Now that you have sealed up your home – remember to repeat the process regularly. Materials will always keep moving around and changes to your home over time will create new paths for air to get in. If you are having major remodeling work done, consider testing the whole home with a blower door test to identify areas that might have been impossible to seal in the past but can now be accessed or where access could be gained with a little extra work. One example of this is having a trim carpenter remove and re-install it for a reasonable extra fee. You may find that the house uses less energy to heat and cool after the remodel, even when adding space.
In coming months, please watch for more information continuing this path of understanding building science. We will cover insulation, mechanical systems, thermal bridging and more in this series called Building Performance with Intention.
Come join us…
And see what’s Green in the Hill Country!
Custom Design Services is excited to be an exhibitor at the Fredericksburg Renewable Energy Roundup next weekend, September 24 – 26th.
We will also be an exhibitor at the Dripping Springs Rainwater Revival on Saturday, October 9th.
Green Living Tips!
We welcome inspirations from your home to put into future newsletters. Email them to me; Cammi Klier. Thanks!!
Do-It-Yourself Weatherization Inspection
Regular inspection of your home’s exterior will help you quickly identify unusual conditions that can lead to greater damage over time. Here’s a quick, basic inspection routine you can use a couple times a year to make sure you get the most life out of your home’s exterior materials.
The Inspection should start with checking the roof – either from a ladder or from the ground with a pair of binoculars. Observe the vent stacks and boots that seal where they go through the roof, looking for torn or bent material (such as where a tree branch may have fallen) Look for stains on the sides of fireplace flues or adjoining walls where the flashing may have leaked, and check that the flashings are properly lapped over each other from top to bottom – just like shingles. Remember that flashing materials are designed to shed and drain water so don’t be tempted to seal the bottom edges of the overhanging pieces.
Next, make sure that the drip edges along the edge of the roof are crisp and straight. Gutters should be clean and straight with no evidence of pooling water inside. Why are these items important? Water that never hits the wall below is much easier to keep out.
Next verify that the soffit vents (if present) are clear for easy air movement. Blocked soffit vents can contribute to the buildup of negative pressure in the attic, making air infiltration in the rest of the home more likely. Observe any caulked joints to make sure they are completely sealed, and check again that no water has leaked from the roof deck into the soffit area – signifying a leak somewhere further up the roof that hasn’t showed up inside the house.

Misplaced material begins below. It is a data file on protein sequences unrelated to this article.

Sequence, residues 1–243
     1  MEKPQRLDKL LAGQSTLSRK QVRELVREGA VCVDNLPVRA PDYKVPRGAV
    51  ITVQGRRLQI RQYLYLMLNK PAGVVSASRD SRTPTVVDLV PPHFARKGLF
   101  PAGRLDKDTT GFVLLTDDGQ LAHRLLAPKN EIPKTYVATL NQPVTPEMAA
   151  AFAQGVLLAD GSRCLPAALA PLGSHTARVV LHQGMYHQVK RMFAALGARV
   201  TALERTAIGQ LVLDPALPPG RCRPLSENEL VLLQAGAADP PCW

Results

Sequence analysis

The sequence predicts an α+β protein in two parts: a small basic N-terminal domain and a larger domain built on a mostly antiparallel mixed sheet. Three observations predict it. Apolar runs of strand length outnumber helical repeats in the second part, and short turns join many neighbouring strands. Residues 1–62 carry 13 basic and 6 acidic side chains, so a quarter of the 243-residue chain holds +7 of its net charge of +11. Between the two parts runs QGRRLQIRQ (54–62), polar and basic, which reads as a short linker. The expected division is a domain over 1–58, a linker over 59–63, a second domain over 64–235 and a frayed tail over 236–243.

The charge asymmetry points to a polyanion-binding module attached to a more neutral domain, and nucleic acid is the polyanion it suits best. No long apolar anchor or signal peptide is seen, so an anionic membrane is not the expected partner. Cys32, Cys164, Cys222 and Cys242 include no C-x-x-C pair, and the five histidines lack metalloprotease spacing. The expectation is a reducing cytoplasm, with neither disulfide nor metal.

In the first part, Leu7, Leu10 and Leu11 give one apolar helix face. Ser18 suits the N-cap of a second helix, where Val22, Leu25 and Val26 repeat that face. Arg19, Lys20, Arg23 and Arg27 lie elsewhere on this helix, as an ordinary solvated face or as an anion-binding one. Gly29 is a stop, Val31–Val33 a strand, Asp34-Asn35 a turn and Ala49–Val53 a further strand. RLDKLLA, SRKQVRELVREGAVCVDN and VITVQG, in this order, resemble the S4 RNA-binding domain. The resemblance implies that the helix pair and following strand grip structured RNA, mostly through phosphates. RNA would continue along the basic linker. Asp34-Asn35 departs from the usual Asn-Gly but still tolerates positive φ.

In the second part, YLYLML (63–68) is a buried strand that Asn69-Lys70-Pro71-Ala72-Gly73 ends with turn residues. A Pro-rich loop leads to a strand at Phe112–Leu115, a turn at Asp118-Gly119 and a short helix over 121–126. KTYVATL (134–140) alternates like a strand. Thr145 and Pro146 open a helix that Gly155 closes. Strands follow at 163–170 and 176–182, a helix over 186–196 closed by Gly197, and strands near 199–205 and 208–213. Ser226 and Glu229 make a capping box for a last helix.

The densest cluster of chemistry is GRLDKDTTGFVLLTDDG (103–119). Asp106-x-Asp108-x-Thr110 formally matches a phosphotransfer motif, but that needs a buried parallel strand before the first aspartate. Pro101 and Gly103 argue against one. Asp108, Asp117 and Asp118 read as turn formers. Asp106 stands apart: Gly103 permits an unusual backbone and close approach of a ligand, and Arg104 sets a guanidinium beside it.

Now look at the walls – again checking that all caulked areas are completely sealed and have not shrunk, cracked, peeled, or pulled away. Any place where one material meets a different material (such as a metal dryer vent on wood siding) is a likely failure point for caulking. Check the condition of the paint too. Any loose or chipping paint must be removed, the material below it re-primed, and re-painted before caulking as the caulk will not seal effectively if it’s applied to raw wood.
Now to the most important part – window sealing. Check that the materials around the window have not shifted. Check that the glass is properly sealed into the frame and that any glazing putty (rare these days) or rubber weatherstripping is not dried out and cracked. From the inside, check that all windows and doors are properly opening and closing in their frames and making good contact with the weatherstripping around them. Windows should be checked frequently throughout the year on their own because they may be opened during good weather then improperly closed and forgotten during the long cooling season, potentially adding unintended air infiltration for months at a time.
All joints should be typically be sealed with some exceptions – the bottom of the window sill and trim will sometimes have gaps near the sides of the windows. These are weep holes to allow water out, and should not be sealed. The same is true on the bottom of the window unit itself. There are slots or holes along the frame to allow water that gets in the frame to escape. Do not seal these up, they are designed many window frames. You will also most likely find holes or slots in masonry walls near the bottom and over openings. Sometimes they’re filled with rope, and they’re also called “weeps”. They are there to shed the water that has penetrated the wall further up because a hard rain with wind can actually drive water right through the mortar. Make sure these openings are clean and clear, other than rope or screen which is usually part of the drainage system.
Finally, inspect the foundation for signs of staining, splashing, or insects. The area immediately adjacent to the foundation should be clear for a foot or two to allow air to circulate to help dry the siding after rain occurs, and the ground should slope down away from the house for at least 10′ or as far as possible if on a small lot.
By inspecting the exterior of the home a couple times a year the homeowner can identify problems quickly and easily.
Thanks for reading today! Please watch for more on maintaining your home in a coming newsletter on maintenace manuals for new and remodeled homes. If a new car comes with a manual, shouldn’t your home as well?